With us, a new system has commenced, characteristic of the age. It is a system of a Republic formed by the union of separate independent States, yielding so much of their sovereign powers as are necessary for national and foreign purposes, and retaining all others for local and domestic objects. Who shall undertake to say how far this system may not go?”

He said, speaking of Mexican territory:

“No principle is more dangerous than that of compelling other people to adopt our form of government. It is not only wrong in itself, but contrary to the whole spirit and genius of liberty we enjoy.”

Asking if the Mexican war was waged for conquest:

“If so, I protest . . . I am no enemy to the extension of our domain . . . but it is not to be accomplished by the sword. We can only properly enlarge by voluntary accessions.”

In his denunciation of [President James] Polk’s abuse of power . . . :

“Only Congress can constitutionally draw the sword. The President cannot. The war was brought upon us while Congress was in session and without our knowledge. The new and strange doctrine is put forth that Congress has nothing to do with the conduct of the war; that the President is entitled to uncontrolled management; that we can do nothing but vote men and money to whatever extent his folly and caprice may dictate.

Neighboring States may be subjugated, extensive territories annexed, provincial governments erected, the rights of conscience violated, and the oath of allegiance administered at the point of the bayonet . . .”

(Recollections of Alexander H. Stephens, Myrta L. Avary, editor, LSU Press, 1998, excerpts pp. 31-32)

Conservative Southern Democrats of 1917

Washington’s warning regarding foreign entanglements, as well as John Quincy Adam’s belief that America does not go abroad in search of monsters to destroy, were forgotten by Woodrow Wilson’s reign. In the latter’s time there were those in Congress who saw that Britain was a preferred creditor of American business interests and thus had to be bailed out with American lives and fortune.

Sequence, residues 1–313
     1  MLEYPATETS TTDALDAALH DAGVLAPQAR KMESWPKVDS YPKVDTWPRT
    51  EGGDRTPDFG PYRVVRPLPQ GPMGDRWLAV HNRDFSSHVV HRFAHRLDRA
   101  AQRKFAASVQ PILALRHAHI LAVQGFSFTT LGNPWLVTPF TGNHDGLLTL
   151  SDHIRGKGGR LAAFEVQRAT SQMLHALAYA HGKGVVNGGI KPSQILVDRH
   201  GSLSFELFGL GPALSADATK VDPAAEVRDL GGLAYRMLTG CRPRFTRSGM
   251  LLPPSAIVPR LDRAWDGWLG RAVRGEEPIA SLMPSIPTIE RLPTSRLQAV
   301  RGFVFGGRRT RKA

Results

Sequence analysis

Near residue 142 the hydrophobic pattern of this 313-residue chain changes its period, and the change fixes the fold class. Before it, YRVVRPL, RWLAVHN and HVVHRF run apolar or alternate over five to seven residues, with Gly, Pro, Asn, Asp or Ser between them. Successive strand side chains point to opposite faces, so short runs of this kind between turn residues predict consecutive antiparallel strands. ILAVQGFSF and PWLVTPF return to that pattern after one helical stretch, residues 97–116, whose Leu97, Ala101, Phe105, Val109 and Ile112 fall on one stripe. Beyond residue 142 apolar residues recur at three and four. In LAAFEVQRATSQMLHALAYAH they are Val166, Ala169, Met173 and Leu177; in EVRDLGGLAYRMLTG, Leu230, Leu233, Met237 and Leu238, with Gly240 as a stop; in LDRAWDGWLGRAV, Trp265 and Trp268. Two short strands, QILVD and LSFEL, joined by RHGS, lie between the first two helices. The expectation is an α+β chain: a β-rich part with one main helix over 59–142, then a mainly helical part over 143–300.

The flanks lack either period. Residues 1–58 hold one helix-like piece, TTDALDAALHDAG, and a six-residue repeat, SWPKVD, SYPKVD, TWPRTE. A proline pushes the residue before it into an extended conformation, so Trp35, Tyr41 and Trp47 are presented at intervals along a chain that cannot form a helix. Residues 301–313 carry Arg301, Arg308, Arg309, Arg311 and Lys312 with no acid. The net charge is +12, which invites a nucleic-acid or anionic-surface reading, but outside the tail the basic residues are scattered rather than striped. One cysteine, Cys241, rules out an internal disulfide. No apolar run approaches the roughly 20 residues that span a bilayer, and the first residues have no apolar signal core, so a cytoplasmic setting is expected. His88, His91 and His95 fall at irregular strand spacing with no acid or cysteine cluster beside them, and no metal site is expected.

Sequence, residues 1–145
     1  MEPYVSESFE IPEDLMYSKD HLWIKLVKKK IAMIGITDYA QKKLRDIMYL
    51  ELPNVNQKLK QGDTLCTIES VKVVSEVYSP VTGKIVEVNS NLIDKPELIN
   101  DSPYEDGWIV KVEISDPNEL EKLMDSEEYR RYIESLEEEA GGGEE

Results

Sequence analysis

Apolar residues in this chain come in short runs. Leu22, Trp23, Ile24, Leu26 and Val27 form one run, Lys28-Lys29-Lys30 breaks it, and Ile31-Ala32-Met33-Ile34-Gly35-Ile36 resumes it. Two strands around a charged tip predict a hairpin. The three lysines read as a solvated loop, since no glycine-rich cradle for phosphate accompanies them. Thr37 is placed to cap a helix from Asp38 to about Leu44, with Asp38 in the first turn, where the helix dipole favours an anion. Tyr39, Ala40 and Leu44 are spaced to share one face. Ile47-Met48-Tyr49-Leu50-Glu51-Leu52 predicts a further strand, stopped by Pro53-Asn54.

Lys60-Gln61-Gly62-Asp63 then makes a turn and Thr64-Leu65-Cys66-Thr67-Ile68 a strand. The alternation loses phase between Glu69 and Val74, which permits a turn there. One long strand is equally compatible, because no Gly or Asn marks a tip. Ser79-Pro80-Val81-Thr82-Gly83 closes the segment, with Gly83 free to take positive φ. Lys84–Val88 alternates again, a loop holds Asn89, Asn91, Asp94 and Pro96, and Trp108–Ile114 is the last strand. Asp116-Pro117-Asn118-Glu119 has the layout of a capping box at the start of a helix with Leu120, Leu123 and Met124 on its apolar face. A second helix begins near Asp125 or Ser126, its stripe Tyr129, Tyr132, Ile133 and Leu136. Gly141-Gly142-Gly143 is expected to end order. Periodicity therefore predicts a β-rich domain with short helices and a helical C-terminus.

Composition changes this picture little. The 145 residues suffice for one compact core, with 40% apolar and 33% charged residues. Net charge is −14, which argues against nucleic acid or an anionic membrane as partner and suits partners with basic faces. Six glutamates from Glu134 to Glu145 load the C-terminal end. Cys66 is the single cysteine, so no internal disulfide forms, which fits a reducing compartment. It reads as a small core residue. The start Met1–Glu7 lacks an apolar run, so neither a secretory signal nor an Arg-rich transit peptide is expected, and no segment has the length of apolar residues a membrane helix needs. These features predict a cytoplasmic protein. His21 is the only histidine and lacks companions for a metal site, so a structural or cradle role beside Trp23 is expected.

The question must be asked: Had Britain been left on its own to seek an armistice with Germany, and Kaiser Wilhelm remaining on the throne, would a German nationalist rising out of American intervention and German defeat have occurred?

Conservative Southern Democrats of 1917

“[In] the period of neutrality of the First World War more Southerners opposed intervention and Wilson’s foreign policies than they did intervention and [FDR’s] foreign policies in the period of neutrality of the Second World War.

In an editorial of March 11, 1917, the Greensboro Daily News said the rich and the heads of corporate industry wanted war, not the great, silent masses. It was persuaded by its readers’ letters, it said, “that the masses of people of this section have little desire to take a hand in Europe’s slaughter and confusion.”

Several Southerners in Congress, such as Claude Kitchin of North Carolina, majority leader in the House of Representatives, and Senator James K. Vardaman of Mississippi, opposed Wilson’s foreign policy and upheld traditional isolationist views. Vardaman belonged to that “little band of willful men” who in February 1917 successfully filibustered against Wilson’s Armed Neutrality bill and was one of the six senators who voted against war with Germany.

In his opposition speech of April 8, 1917, to Wilson’s request for war, Kitchin insisted that the President’s foreign policy had been pro-British from the outbreak of hostilities. “We are to make their quarrel, right or wrong, our quarrel,” Kitchin said. “We are to fight out, with all the resources in men, money and credit of the Government and its people a difference between the belligerents of Europe to which we were and are utter strangers.” This was a view many isolationists, North and South, could accept.

Kitchin and the South resented, among other things, Britain’s blockade because of its adverse effect on cotton and tobacco growers . . . [as] in the first two years of the war, the South suffered more from the blockade than any other section. The possibility that the Southerners in Congress might join with the German-American and Irish-American elements to force a retaliatory arms embargo against the British for suppression of the cotton trade with Central Europe appeared in 1915 as a grave threat to Anglo-American relations.